Thanks to Dave Thackeray who posted the link on Facebook.

Friday, 14 October 2011

Charity CD launch and concert

On Saturday 22nd October, there will be a charity folk fundraising night for Queenscourt Hospice, Southport.  The focus of the evening will be the launch of "The End of the Line", the latest CD of songs and poems written by Geoff Parry and recorded by various artists, including Chris & Siobhan Nelson, Raphael Callaghan, Chris Harvey, Pete Rimmer and Clive Pownceby.  Many of the artists on the CD will be performing their songs on the night.  The evening will be dedicated to the memory of friends of the performers who were looked after in the hospice.

The venue is the Park Golf Club, Park Road West, Southport, PR9 9DU, beginning at at 7.30 p.m.  Admission is free, although there will be a collection for Queenscourt.  Sales of the new album (minimum contribution £5) will also be donated to the Hospice.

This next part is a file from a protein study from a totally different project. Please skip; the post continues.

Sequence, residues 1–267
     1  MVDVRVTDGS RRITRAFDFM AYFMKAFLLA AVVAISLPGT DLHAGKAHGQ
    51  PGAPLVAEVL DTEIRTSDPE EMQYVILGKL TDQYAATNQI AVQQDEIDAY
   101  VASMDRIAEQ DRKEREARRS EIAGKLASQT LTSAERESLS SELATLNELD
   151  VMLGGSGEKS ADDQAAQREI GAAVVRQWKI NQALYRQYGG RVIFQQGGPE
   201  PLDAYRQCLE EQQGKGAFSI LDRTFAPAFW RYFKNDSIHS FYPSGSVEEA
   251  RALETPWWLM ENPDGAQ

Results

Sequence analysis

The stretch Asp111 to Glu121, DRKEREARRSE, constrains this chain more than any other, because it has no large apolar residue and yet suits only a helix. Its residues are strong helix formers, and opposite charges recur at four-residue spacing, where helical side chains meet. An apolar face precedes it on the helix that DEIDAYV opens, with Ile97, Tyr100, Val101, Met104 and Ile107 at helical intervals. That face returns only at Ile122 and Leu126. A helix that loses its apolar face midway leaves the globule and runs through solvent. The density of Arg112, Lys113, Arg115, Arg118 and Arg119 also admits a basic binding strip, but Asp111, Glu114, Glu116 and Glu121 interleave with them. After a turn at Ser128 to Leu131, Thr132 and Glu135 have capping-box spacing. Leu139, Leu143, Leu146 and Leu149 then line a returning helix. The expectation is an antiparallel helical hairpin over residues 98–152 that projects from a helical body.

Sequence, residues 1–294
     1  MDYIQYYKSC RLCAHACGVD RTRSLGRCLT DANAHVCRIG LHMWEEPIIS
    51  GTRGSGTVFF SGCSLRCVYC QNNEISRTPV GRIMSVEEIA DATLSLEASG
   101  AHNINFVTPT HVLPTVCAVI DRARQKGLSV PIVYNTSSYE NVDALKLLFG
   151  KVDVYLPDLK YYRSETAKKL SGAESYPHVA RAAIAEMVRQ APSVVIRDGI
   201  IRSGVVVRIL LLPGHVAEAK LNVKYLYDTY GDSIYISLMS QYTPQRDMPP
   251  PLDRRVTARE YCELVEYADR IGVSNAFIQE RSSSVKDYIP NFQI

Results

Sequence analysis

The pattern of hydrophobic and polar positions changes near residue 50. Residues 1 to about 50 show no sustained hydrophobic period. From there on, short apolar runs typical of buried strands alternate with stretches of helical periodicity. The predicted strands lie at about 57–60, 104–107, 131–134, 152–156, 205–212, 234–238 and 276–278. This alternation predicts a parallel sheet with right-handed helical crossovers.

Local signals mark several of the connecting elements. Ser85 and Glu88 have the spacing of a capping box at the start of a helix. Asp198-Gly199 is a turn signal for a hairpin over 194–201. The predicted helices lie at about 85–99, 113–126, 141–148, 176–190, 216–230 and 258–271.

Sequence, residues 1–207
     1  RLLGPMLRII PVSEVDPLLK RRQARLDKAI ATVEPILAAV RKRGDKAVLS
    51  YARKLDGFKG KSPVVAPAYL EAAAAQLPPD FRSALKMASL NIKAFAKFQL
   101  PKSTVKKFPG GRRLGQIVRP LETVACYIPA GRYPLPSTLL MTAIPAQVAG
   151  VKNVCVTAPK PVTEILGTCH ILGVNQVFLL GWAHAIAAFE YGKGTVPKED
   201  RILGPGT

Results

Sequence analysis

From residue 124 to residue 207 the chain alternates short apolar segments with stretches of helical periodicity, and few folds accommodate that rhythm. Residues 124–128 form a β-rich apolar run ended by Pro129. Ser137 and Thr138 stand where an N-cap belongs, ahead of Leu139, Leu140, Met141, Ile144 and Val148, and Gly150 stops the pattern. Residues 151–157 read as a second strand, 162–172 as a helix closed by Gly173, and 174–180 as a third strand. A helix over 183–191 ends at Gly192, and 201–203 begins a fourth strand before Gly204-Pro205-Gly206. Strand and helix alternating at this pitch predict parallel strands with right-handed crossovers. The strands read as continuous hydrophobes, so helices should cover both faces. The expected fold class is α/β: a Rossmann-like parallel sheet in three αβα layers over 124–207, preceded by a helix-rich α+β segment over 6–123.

Thursday, 13 October 2011

Drunken disorder - all in the mind

When I was a student, it used to interest me seeing how the various student tribes handled their drink.  At the extremes, the PE students would all sit around in track suits singing rugby songs - I got fed up of hearing the tedious and rambling misfortunes of Constable Peckham - and the drama students would become even more luvvy-ish than usual.  The politicos would sit in corners to talk about the latest international trouble spot, say things like, "It's all happening in Nicaragua", and sup their Greenall Whitley while waiting for the revolution.

If the media caricature of the effects of alcohol had any basis in reality, there shouldn't have been these marked differences in behaviour and instead you'd expect a lot of trouble and fighting, but in fact that was rare.  I formed the view a long time ago that people develop certain habits about drinking quite early on and tend to stick with them, meaning that a lager lout of 20 years ago may well be a saga lout in 20 years' time.